From "Experimental Ethnography Online: The Asthma Files"
p637 "Curating files of design logics allow theoretical ideas to animate without overdetermining The Asthma Files.... One of our design logics is drawn from Derridean historian of biology Hans- Joerg Rheinberger’s conception of how experimental systems work in the sciences, as a play between limits and openness (Rheinberger 1988); another is drawn from James Clifford’s writing about how juxtaposition works in surrealist art and in ethnography (Clifford 1981). Yet another is drawn from Gregory Bateson’s description of what happens when different scales or orders of communication collide, sometimes producing pathology, sometimes creativity (1956/2000)."
"p639 (Deleuze 1995) "What I’ve been interested in is collective creations rather than representations. There’s a whole order of movement in ‘institutions’ that’s independent of both laws and contracts …What interests me isn’t the law or laws (the former being an empty notion, the latter uncritical notions), nor even law or rights, but jurisprudence. It’s jurisprudence, ultimately, that creates law, and we mustn’t go on leaving this to judges … People are already thinking about establishing a system of law for modern biology; but everything in modern biology and the new situations it creates, the new courses of events it makes possible, is a matter for jurisprudence. We don’t need an ethical committee of supposedly well-qualified wise men, but user-groups. This is where we move from law into politics."
p641 (Toward kaleidoscopic reflexity) "Bateson’s Naven is thus also a key reference, demonstrating what is gained through parallel processing of particular phenomena though different analytic frameworks (Bateson 1936/1958).
Bateson, G. (1936/1958) Naven: A Survey of the Problems Suggested by a Composite Picture of the Culture of a New Guinea Tribe Drawn from Three Points of View, Stanford, CA, Stanford University Press.
Bateson, G. (1956/1999) ‘Toward a theory of schizophrenia’,inSteps to an Ecology of Mind, Chicago, University of Chicago Press, pp. 201–227.
Clifford, J. (1981) ‘On ethnographic surrealism’, Comparative Studies in Society and History, vol. 23, no. 4, pp. 539–564.
Deleuze, G. (1995) Negotiations 1972–1990. New York, Columbia University Press, p. 169. Fortun, K. (2012) ‘Ethnography in/of late industrialism’, Cultural Anthropology, vol. 27, no. 3, pp. 446–464.
Rheinberger, H.-J. (1988) ‘Experimental systems, graphematic spaces’,inInscribing Science: Scientific Texts and the Materiality of Communication, ed. Timothy Lenoir, Stanford, CA, Stanford University Press, pp. 285–303."
We had a really great conversation at a writing meeting a few months back on the etymology of invert (Latin: to turn inside out), and the assumption that critical examination happens in a binary way through inversion (just flip it). -vert comes from vertere (to turn). Vertex (highest point and derivation of 'vertical') derives from vertere as well (vertex refering to turning point or whirlpool in the 1500s and then highest point only in 1600). I think there is something to be said about the kinds of turns PECE makes.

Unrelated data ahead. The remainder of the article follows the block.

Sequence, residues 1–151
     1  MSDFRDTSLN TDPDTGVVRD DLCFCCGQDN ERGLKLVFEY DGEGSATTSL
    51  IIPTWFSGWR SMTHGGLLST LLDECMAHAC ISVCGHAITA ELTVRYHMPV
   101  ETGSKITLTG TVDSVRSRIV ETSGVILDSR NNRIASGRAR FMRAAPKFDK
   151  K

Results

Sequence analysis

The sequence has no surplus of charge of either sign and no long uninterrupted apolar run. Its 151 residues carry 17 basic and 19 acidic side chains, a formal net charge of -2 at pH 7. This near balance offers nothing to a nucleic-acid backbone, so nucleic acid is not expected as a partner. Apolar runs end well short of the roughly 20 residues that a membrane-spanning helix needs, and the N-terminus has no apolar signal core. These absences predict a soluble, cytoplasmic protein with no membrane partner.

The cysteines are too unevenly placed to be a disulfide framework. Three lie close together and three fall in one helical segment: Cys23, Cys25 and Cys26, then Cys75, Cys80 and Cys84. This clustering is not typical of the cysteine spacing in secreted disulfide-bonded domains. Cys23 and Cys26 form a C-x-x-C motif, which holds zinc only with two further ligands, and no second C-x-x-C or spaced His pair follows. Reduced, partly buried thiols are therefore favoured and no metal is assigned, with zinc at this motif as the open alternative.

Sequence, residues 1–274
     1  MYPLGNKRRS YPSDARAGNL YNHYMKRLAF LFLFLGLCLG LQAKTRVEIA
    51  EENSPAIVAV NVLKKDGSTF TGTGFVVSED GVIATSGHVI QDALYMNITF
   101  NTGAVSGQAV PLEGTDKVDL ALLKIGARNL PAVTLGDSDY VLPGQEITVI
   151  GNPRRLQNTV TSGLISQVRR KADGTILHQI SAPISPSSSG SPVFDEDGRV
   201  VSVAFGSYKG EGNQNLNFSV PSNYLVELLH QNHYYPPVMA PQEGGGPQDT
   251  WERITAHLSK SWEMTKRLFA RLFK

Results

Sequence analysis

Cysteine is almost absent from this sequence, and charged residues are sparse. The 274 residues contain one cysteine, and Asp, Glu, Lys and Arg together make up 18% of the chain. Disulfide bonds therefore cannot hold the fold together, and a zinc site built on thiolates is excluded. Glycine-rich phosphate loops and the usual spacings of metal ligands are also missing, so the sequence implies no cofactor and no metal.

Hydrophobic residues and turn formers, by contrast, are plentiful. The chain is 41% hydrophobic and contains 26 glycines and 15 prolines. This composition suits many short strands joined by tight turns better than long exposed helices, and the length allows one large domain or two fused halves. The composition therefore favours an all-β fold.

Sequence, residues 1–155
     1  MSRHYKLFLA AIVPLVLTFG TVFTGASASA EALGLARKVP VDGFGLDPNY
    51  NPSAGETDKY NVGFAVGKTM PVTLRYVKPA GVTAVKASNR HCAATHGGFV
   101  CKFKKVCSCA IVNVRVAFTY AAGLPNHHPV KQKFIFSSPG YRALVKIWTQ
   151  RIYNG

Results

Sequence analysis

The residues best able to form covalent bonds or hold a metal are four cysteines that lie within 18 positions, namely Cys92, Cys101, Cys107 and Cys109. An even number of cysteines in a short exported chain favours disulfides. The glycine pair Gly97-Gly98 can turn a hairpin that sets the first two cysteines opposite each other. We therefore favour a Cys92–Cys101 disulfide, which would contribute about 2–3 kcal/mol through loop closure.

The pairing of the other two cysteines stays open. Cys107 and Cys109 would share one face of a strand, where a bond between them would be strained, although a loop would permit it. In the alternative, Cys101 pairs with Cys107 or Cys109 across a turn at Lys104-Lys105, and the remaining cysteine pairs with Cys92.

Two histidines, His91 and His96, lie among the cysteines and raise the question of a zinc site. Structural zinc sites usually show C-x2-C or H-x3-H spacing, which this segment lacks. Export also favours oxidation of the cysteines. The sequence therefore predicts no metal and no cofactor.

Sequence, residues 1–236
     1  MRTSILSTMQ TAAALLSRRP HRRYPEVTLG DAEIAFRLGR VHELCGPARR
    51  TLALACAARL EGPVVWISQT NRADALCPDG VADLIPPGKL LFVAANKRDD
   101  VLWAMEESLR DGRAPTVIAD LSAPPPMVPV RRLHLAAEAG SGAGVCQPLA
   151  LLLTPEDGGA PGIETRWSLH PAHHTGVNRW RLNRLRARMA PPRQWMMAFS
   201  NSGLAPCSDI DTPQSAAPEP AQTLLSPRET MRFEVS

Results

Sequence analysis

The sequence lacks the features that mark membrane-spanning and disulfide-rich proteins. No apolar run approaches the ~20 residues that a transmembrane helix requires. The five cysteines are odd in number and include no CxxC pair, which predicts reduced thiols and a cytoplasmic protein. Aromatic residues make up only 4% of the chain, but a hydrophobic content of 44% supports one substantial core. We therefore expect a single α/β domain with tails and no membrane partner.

It strikes me that we don't have a design logic about working with/within/against existing materials/constraints: something about "beyond bricolage" that captures the cobbled aspect of PECE (which would also connect to a substantive logic around supporting open source/open access, which is what enables us to build from/modify to begin with). I think this is a way to honor how we are building from the best practices of other groups (RDA, archive community, design community), but constantly querying, critiquing, or rearticulating the value of these existings infrastructures in context of experimental ethnography. I might be convinced that this is a substantive logic.
at first I was going to go with hauntology, of course, since reading down the list I thought "these are all iterations of hauntology, other namings of the same logic." But DR names the desired effect or the aim, while hauntology names the...hauntology. Pragmatics v metaphysics. "Transmuting ambivalences of meaning" may be especially redundant with DR. DR takes (a bit) less explanatory work than hauntology, and quickly gets at what sets PECE apart from the dominant logic of reproducibility - a logic which is still in play with DR, necessary to DR, but which DR also goes beyond. I think updating this design logic would entail mostly adding some language on the coding style and PECE's ab-use of it (involving noise and juxtaposition-- again an argument for DR's more general or higher logical standing).